The major nonpolar iodolipid formed in horse thyroid cells has recently been identified as 2-iodohexadecanal (2-IHDA). We have investigated in vitro the effect of 2-IHDA on the NADPH-oxidase, NADPH-cytochrome c reductase, and thyroid peroxidase (TPO) activities of a porcine thyroid plasma membrane preparation. 2-IHDA inhibited NADPH-oxidase activity, with half-inhibition at 3-5 μM, but it had no effect on NADPH-cytochrome c reductase. It inhibited the TPO-catalyzed iodination of protein, but not iodide oxidation. Hexadecanal also inhibited NADPH-oxidase. Inhibition by the non-iodinated lipid aldehydes depended on the length of their aliphatic chain: dodecanal and tridecanal gave maximal inhibition. Free iodide, 2-iodohexadecanol and palmitic acid all had no inhibitory effect. Washing treated membranes showed that the inhibition of NADPH-oxidase by hexadecanal was fully reversible, whereas that of 2-IHDA and other iodinated or brominated alkanals was irreversible. Thus the interaction between some residues of the thyroid NADPH-oxidase and the lipid aldehyde groups was favored or stabilized by the iodine atom. Modification of primary amine and thiol groups of NADPH-oxidase inhibited its activity. These groups could also be the target of lipid aldehydes. We suggest that 2-IHDA, because it inhibits TPO and more profoundly the H2O2-generating system in thyroid plasma membrane, modulates iodide metabolism in the thyrocyte and may mediate the Wolff-Chaikoff effect.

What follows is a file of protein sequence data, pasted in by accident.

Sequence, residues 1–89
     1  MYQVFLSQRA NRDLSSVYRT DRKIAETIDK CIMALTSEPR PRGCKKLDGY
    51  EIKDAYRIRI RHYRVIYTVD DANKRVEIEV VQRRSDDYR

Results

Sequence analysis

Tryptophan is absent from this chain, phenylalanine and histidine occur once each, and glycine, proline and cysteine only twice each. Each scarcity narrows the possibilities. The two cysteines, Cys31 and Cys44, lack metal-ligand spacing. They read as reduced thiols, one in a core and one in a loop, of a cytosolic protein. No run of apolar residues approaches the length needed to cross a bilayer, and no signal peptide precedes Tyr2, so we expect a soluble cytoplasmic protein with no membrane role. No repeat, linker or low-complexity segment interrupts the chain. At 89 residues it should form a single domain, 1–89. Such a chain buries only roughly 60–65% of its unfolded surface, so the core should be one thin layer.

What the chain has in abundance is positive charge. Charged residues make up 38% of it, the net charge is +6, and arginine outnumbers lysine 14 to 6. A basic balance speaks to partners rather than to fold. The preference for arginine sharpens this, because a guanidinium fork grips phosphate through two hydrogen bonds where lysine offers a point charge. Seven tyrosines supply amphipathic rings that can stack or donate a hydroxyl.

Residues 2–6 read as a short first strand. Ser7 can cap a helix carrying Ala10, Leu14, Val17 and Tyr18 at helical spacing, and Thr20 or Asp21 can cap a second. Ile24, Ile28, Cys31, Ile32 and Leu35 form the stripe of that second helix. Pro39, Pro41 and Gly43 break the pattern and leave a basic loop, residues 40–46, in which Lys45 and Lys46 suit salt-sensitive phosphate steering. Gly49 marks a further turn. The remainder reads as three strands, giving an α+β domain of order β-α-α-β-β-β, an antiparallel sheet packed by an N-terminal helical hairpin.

ASJC Scopus subject areas
- Molecular Biology